Handwashing is more critical to Leesville than we think

Victor Lockhart, a sophomore at Leesville, washing his hands. The influenza seasons starts next month. (Photo courtesy of Matt Wiener)Victor Lockhart, a sophomore at Leesville, washing his hands. The influenza seasons starts next month. (Photo courtesy of Matt Wiener)

Keeping good hygiene is a part of daily life many humans retain. Teeth cleaning and taking showers are things many people do every night to keep themselves happy. Washing our hands is no exception to keeping good health, as well as how helpful it is towards our well being. How is it that one little but easy to do task can become a major problem to other people’s health?

Washing our hands is the first thing we do when finished using the restroom. A good 20 seconds of rinsing and washing and that person is good to go. However, I have noticed a pattern when using the restroom at Leesville. Some students at Leesville decide to completely skip the trip to the sink, and continue on.

Not only is this a questionable decision for that specific person’s health and well being, it also creates a domino effect of illness to others around that person. Considering how much we use our hands in the classroom, if they aren’t cleaned, it makes sense as to why sickness in the school pops up quick.

Just about 1 out of every 3 times I am using the restroom at the same time as multiple people, there is at the least one person who does their business and sidesteps the sink. Especially since how close flu season is, washing hands are a high priority to avoid illness. Yet, the amount of people that come down with the flu every year at Leesville still is at a high.

According to the CDC, many diseases are spread to others when hands are not kept clean. “Keeping hands clean is one of the most important steps we can take to avoid getting sick and spreading germs to others,” the website states.

The big question is, why don’t all students at Leesville take the time to turn on the water and rinse soap through their hands? Most of the time, as I notice those same people walking out, they act in two different ways.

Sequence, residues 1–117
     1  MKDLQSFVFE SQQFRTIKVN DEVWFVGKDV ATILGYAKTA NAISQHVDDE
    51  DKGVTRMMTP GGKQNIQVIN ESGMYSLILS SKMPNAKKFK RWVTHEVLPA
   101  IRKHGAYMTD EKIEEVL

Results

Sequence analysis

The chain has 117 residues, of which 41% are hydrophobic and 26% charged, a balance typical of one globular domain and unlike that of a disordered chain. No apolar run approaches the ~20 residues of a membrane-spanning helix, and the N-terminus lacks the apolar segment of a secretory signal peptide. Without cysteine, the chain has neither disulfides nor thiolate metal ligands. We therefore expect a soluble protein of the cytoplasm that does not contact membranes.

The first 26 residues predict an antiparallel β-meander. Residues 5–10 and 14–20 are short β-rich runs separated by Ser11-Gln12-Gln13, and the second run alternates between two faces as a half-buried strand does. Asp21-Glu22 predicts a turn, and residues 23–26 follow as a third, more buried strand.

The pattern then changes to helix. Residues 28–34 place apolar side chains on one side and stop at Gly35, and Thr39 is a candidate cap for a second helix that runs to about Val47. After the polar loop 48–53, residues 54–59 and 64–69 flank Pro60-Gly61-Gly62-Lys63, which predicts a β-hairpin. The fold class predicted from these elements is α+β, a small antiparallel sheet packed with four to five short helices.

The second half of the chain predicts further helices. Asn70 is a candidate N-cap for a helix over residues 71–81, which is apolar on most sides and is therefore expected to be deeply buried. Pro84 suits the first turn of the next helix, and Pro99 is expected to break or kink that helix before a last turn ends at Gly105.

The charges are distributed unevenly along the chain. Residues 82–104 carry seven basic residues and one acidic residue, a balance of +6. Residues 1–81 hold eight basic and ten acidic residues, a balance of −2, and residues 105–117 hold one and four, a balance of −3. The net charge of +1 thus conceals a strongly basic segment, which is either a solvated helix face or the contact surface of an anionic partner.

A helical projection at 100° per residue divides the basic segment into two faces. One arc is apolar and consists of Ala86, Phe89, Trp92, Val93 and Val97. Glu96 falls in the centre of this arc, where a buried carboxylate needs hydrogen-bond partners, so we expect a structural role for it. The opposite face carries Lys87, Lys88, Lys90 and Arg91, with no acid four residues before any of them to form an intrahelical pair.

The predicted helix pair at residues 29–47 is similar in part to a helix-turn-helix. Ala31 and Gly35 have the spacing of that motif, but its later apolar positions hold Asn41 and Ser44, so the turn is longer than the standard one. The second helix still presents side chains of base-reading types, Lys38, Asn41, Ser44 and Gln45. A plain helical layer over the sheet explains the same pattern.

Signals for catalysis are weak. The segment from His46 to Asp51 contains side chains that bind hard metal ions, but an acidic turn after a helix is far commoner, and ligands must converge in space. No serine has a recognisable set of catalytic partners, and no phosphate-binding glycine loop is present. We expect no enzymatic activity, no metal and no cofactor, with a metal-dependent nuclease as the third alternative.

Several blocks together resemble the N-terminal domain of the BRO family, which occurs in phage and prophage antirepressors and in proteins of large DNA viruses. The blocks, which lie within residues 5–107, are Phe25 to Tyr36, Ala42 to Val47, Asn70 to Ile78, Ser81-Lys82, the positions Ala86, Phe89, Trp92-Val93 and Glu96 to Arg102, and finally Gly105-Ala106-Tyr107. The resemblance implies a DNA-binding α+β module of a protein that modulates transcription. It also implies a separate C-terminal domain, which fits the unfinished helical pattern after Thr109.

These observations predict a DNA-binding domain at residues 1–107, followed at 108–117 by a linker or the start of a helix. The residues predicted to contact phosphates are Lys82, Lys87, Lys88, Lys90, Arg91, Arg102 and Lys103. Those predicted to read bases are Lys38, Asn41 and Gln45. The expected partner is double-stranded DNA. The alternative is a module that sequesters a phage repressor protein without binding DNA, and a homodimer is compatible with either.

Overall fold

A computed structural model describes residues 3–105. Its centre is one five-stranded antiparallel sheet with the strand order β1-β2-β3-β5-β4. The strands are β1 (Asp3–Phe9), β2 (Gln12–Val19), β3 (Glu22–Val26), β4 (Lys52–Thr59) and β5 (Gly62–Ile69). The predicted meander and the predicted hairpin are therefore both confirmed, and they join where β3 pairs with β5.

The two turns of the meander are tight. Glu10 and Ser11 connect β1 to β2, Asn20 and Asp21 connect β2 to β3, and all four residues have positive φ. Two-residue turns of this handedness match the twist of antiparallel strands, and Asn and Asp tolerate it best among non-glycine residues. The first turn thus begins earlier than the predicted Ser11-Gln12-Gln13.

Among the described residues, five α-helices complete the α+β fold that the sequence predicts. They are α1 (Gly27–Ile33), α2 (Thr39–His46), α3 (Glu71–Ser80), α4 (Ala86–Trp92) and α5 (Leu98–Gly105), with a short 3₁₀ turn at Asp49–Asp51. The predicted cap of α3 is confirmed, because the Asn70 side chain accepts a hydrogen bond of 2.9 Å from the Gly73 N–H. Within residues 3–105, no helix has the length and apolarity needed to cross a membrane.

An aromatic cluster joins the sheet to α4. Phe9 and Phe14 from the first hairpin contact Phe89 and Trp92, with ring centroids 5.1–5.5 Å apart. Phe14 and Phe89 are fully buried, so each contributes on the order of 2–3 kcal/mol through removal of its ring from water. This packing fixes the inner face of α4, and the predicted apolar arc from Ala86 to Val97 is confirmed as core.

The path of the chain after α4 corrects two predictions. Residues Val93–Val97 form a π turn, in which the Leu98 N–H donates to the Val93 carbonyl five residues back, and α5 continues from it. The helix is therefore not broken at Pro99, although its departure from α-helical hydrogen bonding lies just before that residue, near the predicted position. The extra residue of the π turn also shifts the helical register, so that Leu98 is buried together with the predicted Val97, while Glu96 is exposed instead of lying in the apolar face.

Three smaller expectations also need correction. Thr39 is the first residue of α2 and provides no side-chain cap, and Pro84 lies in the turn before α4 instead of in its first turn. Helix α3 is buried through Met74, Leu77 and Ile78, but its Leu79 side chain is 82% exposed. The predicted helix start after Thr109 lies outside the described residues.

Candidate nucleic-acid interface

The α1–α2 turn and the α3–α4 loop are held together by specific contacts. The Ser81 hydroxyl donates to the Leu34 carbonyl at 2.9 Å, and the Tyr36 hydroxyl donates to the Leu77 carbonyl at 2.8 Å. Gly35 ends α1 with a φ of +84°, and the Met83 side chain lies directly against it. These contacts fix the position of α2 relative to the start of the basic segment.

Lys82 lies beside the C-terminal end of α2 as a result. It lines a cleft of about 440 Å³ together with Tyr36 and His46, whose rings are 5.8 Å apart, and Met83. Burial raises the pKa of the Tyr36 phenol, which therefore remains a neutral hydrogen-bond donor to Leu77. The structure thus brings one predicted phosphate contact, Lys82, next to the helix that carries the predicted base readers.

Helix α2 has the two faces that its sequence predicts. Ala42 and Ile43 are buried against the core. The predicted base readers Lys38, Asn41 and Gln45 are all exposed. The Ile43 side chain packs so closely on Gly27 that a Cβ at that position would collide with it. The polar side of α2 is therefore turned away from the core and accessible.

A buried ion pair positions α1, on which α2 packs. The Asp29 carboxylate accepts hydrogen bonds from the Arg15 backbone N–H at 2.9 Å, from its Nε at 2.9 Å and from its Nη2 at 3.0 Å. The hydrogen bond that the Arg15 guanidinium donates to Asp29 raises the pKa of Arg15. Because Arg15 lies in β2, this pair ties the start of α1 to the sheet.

One way is they seem to cover ground quickly, looking hurried and in a rush to get out of the restroom. Though it is understandable in order to get to class on time, a simple quick rinse of soap and water helps.

The other way they walk out is looking like they are immune to disease. Their body language shows they don’t care much about hand washing, which can be detrimental to their health. Again, simple hand sanitizers and a quick rinse can make a big difference opposed to not washing at all.

Illness is a problem at Leesville, and the influenza season is the most popular time of year students get infected. Most of the time, the way the flu is spread can easily be avoided and prevented. The most common cause of spreading? You guessed it. Not enough handwashing in the school.

Hand washing may seem like a little thing that is not required to stay healthy in life, but it is the complete opposite. The effects have a result that become damaging to not only the person, but to their peers.

Germs are everywhere in the world. Luckily for most humans, their immune systems are strong enough to immediately destroy most germs that enter the body. Hand washing is part of the first line of defense in the body, which is key to avoid illness.

These germs are easily spread through contact on surfaces in which multiple people use. Thus, when touched, the surface gives off the germs to the person, and the person can then easily become sick. Hand washing plays a key part in halting the spread of the germs.

According to the Mayo Clinic, hand washing should be frequent in everyday activity. Using soap (liquid, solid, or powder) and water, hands should be washed after using the restroom, preparing food, whenever hands look dirty, etc, etc. The higher the frequency of hand washing for an individual, the less of a chance illnesses will come about.

At Leesville, hand washing is definitely more critical than ever. Besides the influenza season right around the corner, clean hands are a part of good hygiene, which in turn results in good health for the individual. Peers also don’t become deterred by the spread of germs, and illness rates inside of Leesville can be toned down.

It is up to us, Leesville students, to help keep ourselves healthy, one individual at a time. Handwashing is the best way to start, and a good way to keep Leesville clean.

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